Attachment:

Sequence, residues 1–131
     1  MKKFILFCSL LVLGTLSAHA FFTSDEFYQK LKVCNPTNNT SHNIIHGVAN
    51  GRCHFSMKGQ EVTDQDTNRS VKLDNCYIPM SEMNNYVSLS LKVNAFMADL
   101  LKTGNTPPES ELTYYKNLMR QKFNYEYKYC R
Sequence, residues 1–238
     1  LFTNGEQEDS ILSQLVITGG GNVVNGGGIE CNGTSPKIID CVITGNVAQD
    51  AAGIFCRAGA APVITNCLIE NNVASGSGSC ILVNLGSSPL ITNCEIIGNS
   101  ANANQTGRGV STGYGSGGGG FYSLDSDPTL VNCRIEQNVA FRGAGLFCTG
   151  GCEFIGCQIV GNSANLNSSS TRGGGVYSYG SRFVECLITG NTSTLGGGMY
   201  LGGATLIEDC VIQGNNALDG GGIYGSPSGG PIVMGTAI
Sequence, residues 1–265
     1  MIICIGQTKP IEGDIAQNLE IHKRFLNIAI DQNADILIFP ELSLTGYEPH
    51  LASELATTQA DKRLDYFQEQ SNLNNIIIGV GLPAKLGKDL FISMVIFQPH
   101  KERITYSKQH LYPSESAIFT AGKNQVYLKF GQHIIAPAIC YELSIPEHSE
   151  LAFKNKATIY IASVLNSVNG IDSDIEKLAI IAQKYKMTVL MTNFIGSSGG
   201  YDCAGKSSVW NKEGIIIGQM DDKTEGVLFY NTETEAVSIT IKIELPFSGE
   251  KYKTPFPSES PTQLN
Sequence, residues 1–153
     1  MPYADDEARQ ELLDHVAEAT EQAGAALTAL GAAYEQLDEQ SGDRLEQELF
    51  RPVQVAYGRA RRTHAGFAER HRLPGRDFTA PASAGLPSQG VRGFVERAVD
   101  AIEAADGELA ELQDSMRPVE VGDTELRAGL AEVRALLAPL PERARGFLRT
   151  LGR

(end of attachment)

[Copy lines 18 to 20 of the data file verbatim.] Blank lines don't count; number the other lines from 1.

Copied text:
Sequence, residues 1–153
     1  MPYADDEARQ ELLDHVAEAT EQAGAALTAL GAAYEQLDEQ SGDRLEQELF
    51  RPVQVAYGRA RRTHAGFAER HRLPGRDFTA PASAGLPSQG VRGFVERAVD